GGroup of Students3. Becoming a Sexual Being

Today’s adolescents live in a hypersexualized culture. Most have received a school-based sex education where safe sex typically refers to physical intimacy that is free of sexually transmitted diseases or unwanted pregnancy. Despite their greater exposure and education, current evidence suggests that many youth are in trouble sexually and that their sexual development is not unfolding as it should. How is sexuality meant to develop and how is sex affecting the brain and bonding? The meaning of safe sex from an attachment-based developmental perspective will be provided as well as suggestions for contributing to the healthy unfolding of sexuality in our youth.



Full length of students walking in corridor1. The Teachability Factor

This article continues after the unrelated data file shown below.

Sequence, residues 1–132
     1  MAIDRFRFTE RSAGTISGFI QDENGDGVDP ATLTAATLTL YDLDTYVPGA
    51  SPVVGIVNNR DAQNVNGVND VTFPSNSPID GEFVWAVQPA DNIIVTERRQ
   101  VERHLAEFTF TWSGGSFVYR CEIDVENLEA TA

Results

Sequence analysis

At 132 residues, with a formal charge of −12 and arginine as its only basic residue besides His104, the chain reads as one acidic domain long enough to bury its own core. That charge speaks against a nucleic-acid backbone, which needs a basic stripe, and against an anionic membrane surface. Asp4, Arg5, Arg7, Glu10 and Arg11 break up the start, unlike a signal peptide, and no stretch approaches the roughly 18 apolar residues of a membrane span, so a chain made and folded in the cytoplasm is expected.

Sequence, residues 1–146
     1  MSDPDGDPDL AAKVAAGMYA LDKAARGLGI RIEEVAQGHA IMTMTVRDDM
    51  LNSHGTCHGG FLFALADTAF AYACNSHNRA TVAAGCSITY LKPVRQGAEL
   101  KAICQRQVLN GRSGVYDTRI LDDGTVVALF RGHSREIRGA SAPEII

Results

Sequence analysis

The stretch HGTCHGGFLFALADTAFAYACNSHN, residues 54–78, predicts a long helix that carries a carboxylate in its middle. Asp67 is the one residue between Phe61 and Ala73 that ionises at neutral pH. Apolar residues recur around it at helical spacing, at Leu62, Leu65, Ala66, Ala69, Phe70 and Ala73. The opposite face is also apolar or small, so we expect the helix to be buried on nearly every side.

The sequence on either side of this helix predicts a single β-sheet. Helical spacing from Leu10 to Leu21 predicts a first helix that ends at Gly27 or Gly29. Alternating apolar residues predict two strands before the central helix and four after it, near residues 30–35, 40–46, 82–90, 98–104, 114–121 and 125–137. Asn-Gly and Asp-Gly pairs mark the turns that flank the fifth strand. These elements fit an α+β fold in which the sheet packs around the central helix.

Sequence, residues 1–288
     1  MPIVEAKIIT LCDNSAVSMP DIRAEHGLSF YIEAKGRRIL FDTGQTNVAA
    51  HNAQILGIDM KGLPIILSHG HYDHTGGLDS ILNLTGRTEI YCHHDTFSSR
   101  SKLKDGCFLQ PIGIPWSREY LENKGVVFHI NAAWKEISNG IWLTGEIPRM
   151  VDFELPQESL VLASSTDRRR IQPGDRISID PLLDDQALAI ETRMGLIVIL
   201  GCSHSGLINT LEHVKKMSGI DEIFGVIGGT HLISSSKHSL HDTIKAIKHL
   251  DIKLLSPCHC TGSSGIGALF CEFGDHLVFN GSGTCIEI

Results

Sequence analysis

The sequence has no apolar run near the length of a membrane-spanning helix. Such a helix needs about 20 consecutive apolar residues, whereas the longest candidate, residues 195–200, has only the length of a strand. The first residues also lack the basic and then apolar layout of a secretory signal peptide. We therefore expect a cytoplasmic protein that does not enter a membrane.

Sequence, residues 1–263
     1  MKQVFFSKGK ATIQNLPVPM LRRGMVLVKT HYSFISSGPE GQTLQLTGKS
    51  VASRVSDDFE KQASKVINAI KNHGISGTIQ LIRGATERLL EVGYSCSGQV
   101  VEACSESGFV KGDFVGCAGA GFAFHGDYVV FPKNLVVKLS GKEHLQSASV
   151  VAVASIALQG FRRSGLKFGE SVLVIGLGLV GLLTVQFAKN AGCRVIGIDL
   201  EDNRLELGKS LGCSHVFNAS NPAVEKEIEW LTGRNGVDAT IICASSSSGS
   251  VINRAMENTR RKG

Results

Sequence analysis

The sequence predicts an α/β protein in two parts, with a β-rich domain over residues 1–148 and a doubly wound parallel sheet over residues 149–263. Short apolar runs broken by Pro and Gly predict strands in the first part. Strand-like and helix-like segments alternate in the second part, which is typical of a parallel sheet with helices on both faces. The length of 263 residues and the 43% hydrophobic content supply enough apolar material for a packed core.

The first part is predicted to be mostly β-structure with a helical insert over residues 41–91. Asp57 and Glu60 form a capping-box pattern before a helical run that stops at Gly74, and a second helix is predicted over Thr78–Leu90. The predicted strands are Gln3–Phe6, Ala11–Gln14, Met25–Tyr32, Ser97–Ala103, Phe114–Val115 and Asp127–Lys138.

Teaching doesn’t always result in learning and this discrepancy seems to be widening. Despite advances in curriculum, technology and pedagogy, the teachability of students is on the wane, making teaching much more difficult than it used to be or than it needs to be. Although the teachability of a student is the single most important factor in learning, this variable is rarely addressed. The psychological determinants of learning will be teased apart to reveal the impact of attachment, immaturity and vulnerability in facilitating or impeding the learning process. Practical suggestions are provided as to how to improve the teachability of students will be discussed as well as the 4 natural contexts for learning.